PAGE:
The main reason I get beta reading done early, before I get into the heavy editing, is in case there is useful feedback I can incorporate in my revisions. You don’t want to go through the time, effort, and cost of editing scenes that you will end up cutting or changing, for example.
- Story Level / Structural editing
I start with the bigger picture, the story level or structural editing. This is a good place to start because, like with the beta-reading, you might decide there are sections or scenes that do not work for what you are trying to achieve, or sections that need to be reworked. If you do your sentence or scene level edits first on sections that you end up deciding to cut when you get to your story level edits, then you’ve just wasted time, effort and possibly cash.
This level is a big-picture look at your work. Does it have a beginning, middle, and end? Is there a beginning hook, rising action, climax and resolution? Are there scenes that have no real purpose and do not move the story forward? Did you choose the correct character as your protagonist? Is your character development and world-building detailed without dumping information on readers in a way that will lose their interest? Do you “show” the readers more often than you “tell” them?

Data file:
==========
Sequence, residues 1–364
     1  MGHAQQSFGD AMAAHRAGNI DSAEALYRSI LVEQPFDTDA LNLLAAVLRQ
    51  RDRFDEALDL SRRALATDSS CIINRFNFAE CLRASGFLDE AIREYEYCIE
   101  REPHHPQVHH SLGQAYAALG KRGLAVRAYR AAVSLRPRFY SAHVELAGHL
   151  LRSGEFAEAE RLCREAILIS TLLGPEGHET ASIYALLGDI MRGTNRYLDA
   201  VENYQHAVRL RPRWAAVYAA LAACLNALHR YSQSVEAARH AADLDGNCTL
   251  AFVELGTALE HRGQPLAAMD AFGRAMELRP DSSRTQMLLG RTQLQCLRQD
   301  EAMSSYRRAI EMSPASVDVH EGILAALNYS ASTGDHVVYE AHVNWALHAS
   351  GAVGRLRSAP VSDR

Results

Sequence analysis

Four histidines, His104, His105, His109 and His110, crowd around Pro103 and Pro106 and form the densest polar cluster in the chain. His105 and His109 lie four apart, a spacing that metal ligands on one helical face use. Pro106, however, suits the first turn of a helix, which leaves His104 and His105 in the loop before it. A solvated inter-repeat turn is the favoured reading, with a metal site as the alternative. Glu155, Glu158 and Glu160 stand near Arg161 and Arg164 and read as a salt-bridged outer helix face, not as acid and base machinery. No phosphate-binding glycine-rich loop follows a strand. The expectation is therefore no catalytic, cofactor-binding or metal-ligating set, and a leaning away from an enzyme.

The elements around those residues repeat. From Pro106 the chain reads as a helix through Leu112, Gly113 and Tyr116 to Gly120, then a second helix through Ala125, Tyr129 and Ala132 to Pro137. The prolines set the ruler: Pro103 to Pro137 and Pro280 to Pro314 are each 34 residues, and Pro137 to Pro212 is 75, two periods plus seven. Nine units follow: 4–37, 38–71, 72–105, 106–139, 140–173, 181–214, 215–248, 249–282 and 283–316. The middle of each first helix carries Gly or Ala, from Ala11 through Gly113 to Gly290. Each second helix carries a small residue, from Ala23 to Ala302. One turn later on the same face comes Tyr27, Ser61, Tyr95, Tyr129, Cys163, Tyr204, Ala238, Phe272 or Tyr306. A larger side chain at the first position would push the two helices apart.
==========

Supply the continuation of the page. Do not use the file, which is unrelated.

- Scene level / content editing
In this level, editors will go through each scene and ask: Does this scene have a beginning, middle and end? Is there a beginning hook, rising action, a climax and a resolution (this should be the case both at the story level and at the scene level)? Does the scene move the story forward? Is there conflict in each scene? And so on and so on.
- Sentence level / line editing / copyediting